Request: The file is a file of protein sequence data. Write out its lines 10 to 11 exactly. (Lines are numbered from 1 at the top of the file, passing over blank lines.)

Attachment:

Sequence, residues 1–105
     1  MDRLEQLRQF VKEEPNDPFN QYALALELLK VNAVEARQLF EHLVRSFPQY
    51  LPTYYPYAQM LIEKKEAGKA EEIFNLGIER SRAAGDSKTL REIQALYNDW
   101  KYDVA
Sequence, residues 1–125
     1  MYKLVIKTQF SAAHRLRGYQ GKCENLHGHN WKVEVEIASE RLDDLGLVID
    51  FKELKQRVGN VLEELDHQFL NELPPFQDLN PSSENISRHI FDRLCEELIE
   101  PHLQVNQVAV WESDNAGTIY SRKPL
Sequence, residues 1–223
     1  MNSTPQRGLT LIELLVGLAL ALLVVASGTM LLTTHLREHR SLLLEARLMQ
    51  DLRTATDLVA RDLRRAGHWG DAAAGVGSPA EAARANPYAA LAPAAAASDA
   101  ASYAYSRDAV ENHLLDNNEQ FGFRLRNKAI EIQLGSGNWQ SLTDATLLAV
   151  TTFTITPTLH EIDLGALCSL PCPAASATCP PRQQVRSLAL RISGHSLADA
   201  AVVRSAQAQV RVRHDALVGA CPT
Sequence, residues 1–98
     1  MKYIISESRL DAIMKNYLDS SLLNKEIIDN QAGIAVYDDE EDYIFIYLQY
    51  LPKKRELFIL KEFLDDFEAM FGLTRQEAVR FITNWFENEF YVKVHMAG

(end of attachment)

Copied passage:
     1  MNSTPQRGLT LIELLVGLAL ALLVVASGTM LLTTHLREHR SLLLEARLMQ
    51  DLRTATDLVA RDLRRAGHWG DAAAGVGSPA EAARANPYAA LAPAAAASDA